X-Ray Angiography and Magnetic Resonance Imaging to Distinguish Interarterial (Full title below)

Ravi V. Desai, MD,§* Ritesh Gupta, MD, MPH,§* Silvio H. Litovsky, MD,£ Hrudaya Nath, MD,∞
Himanshu Gupta, MD,§ Satinder P. Singh, MD,∞ William T. Evanochko, PhD,§ Johnnie E. Knobloch, RT,§
Steven G. Lloyd, MD, PhD§

X-Ray Angiography and Magnetic Resonance Imaging to Distinguish Interarterial from Septal Courses of Anomalous Left Coronary Artery: An Ex Vivo Heart Model

ABSTRACT: Objective. We sought to demonstrate the distinguishing features between interarterial and intraseptal courses of an anomalous left coronary artery from the right sinus of Valsalva (RSV) on X-ray angiography, using an ex vivo model. Background. An anomalous left main coronary artery (LMCA) arising from the RSV can take prepulmonary, retro-aortic, interarterial (IA) or intraseptal (IS) courses, of which only the IA cours...

Avoiding Intelligence Failures in the Cardiac Catheterization Laboratory (Full title below)

Jonathan D. Marmur, MD, Renee P. Bullock-Palmer, MD, Shyam Poludasu, MD, Erdal Cavusoglu, MD

Avoiding Intelligence Failures in the Cardiac Catheterization Laboratory: Strategies for the Safe and Rational Use of Dalteparin or Enoxaparin during Percutaneous Coronary Intervention

ABSTRACT: Low-molecular-weight heparin (LMWH) has been a mainstay for the management of acute coronary syndromes (ACS) for almost a decade. However, several recent developments have seriously threatened the prominence of this drug class: (i) the adoption of an early invasive strategy, frequently leading to percutaneous coronary intervention (PCI) where the dosing and monitoring of LMWH is unfamiliar ...

Late-Acquired Stent Malapposition after Sirolimus-Eluting Stent Implantation (Full title below)

*Sudhir Rathore, MD, §Mitsuyasu Terashima, MD, §Takahiko Suzuki, MD

Late-Acquired Stent Malapposition after Sirolimus-Eluting Stent Implantation following Acute Coronary Syndrome: Angiographic, IVUS, OCT and Coronary Angioscopic Observation

ABSTRACT: Drug-eluting stents (DES) have been shown to significantly reduce the incidence of restenosis and target lesion revascularization in a wide variety of clinical situations. DES have also been shown to significantly reduce neointimal hyperplasia as compared to bare-metal stents. However, the antiproliferative properties of DES also delay vascular healing and have been associated with stent malapposition,...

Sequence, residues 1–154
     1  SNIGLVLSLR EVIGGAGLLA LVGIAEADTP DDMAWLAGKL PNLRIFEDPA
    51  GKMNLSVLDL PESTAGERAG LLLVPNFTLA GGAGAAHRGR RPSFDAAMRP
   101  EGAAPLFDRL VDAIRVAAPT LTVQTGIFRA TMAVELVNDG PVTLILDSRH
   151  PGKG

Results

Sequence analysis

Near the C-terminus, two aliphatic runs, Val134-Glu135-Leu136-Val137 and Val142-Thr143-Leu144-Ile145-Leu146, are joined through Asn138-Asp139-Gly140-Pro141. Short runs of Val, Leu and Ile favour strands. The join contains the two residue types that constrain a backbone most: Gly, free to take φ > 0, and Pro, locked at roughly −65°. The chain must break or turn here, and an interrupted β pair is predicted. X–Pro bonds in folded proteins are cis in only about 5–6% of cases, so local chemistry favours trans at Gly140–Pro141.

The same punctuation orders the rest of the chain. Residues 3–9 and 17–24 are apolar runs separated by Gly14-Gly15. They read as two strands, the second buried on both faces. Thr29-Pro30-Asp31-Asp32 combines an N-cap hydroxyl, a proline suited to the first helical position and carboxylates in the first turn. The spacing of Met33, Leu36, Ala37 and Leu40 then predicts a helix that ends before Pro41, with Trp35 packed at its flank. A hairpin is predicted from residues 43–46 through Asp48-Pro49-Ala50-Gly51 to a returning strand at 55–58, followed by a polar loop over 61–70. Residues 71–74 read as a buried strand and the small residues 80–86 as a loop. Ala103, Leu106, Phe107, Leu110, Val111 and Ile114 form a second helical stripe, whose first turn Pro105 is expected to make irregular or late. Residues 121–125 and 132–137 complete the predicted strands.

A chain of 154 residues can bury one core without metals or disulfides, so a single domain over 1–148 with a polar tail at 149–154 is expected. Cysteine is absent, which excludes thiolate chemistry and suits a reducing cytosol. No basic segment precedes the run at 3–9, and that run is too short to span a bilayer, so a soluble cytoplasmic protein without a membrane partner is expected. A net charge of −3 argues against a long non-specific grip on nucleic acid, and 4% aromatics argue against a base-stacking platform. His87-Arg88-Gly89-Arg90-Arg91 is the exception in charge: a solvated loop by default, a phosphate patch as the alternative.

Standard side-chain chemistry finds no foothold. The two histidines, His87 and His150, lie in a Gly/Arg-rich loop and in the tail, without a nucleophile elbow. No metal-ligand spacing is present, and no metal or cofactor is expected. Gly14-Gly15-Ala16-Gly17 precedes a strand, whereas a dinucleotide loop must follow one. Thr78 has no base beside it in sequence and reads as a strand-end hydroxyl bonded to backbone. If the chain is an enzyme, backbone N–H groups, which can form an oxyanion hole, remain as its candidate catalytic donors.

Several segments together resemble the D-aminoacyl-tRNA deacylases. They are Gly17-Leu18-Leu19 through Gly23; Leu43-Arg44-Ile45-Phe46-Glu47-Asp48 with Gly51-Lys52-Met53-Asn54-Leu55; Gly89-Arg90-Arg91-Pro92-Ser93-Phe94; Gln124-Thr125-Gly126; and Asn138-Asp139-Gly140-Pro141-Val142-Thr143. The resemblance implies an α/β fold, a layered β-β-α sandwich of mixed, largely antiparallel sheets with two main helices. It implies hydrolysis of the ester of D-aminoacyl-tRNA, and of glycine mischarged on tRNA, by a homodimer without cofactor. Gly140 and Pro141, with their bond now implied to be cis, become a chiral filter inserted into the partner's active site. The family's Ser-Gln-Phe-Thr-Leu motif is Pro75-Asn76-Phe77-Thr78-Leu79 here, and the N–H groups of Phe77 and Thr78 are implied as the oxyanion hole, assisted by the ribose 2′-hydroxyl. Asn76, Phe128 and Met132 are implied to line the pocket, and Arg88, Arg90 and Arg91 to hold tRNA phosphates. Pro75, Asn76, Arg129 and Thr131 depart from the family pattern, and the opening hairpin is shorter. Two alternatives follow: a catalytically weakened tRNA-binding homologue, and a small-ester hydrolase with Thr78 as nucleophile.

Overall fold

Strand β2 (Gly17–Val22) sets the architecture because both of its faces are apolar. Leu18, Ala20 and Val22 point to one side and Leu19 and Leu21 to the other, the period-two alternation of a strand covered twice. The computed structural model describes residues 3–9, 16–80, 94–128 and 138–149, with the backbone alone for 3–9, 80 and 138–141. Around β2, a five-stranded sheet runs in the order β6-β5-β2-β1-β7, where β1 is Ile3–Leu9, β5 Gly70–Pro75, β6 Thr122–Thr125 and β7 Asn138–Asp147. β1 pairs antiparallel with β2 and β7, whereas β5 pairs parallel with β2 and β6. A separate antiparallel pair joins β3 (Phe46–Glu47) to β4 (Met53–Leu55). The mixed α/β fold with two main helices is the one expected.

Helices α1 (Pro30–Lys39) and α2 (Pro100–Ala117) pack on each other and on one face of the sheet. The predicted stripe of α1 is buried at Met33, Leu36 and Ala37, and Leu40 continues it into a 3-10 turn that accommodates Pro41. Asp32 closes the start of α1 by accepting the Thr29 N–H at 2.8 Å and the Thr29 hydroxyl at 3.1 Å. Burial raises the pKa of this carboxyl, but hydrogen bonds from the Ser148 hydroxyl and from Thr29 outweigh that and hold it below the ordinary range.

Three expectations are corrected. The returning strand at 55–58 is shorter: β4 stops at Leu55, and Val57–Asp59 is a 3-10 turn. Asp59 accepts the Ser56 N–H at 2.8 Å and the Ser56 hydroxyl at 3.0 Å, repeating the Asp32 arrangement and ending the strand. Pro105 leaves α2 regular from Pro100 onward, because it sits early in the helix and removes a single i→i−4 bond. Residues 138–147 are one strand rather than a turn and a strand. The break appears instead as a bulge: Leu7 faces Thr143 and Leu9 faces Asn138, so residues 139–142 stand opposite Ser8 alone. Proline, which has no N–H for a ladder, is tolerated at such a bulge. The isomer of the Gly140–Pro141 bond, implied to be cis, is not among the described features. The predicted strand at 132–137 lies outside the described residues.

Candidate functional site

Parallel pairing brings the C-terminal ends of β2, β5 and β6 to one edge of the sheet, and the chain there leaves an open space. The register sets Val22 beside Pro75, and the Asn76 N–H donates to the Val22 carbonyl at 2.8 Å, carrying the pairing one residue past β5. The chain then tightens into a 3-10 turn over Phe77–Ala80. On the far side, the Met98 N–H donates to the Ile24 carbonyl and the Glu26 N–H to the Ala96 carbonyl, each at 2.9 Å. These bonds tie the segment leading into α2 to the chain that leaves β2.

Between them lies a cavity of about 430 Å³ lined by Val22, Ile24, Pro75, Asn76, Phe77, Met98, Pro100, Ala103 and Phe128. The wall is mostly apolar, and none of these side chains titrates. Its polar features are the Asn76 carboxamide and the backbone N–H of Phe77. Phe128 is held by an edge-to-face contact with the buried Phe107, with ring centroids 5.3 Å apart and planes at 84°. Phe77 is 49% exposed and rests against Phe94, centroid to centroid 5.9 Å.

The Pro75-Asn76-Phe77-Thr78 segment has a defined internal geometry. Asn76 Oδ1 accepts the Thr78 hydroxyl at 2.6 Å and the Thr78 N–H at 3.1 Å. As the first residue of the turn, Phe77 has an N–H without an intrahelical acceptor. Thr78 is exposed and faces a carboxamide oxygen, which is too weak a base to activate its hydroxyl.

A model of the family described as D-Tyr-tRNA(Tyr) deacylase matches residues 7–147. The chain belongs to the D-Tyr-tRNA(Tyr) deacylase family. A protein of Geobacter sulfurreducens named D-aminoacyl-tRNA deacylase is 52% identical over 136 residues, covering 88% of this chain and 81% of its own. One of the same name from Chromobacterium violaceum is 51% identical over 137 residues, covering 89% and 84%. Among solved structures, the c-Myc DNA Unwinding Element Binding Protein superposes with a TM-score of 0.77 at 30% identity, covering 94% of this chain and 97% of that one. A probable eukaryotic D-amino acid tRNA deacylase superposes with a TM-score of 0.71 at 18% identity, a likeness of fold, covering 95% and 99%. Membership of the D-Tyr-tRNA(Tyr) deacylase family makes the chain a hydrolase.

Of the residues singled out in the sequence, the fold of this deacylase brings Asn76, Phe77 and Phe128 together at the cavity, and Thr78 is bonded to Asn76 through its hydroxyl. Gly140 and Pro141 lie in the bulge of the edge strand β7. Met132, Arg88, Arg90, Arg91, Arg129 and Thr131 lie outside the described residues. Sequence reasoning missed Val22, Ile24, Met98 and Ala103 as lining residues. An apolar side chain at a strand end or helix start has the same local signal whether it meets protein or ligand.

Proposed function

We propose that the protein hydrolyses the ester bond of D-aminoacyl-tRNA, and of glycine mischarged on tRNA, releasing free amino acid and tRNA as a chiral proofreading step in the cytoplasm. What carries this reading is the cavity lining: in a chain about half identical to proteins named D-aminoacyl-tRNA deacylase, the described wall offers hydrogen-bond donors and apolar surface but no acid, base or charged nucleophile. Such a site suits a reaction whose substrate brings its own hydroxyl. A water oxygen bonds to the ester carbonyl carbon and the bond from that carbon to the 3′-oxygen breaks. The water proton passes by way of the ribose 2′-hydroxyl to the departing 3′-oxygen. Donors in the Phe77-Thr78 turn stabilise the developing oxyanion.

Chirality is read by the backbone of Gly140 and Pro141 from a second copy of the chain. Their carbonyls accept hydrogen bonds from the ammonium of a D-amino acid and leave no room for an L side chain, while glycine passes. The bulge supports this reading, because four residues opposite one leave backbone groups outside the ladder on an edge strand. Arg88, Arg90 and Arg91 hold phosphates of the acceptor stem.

Late Sequela of Kawasaki’s Disease: Optical Coherence Tomographic Finding

Jin-Man Cho, MD, Il-Suk Sohn, MD, †Ik-Kyung Jang, MD, PhD

Case Description. A 24-year-old male without coronary risk factors came to our office for recent-onset exertional angina associated with shortness of breath. His medical history was notable for Kawasaki’s disease at the age of two. A stress test showed anterior ischemia. Subsequently, he underwent computed tomography (Figure 1) and coronary angiography, which revealed a calcified tubular narrowing of the proximal left anterior descending (LAD) and chronic total occlusion in the proximal right coronary artery (RCA), with bridge collaterals (Figures 2A and B). Optical coherence tomography (OCT...

Retrograde Approach to Chronic Total Occlusions: Can Septal Vessels Be Used More Than Once?

Albert Alahmar, MD, Simon Redwood, MD, Anthony Gershlick, MD

From the Cardiovascular Intervention Department, University Hospitals of Leicester, United Kingdom.

The authors report no conflicts of interest regarding the content herein.

Manuscript submitted May 29, 2009, provisional acceptance given August 11, 2009, final version accepted September 8, 2009.

Address for correspondents: Albert E. Alahmar, MD, Cardiovascular Intervention Department, Leicester University Hospitals of Leicester Glenfield Hospital, Leicester, United Kingdom LE3 9QP. E-mail: [email protected]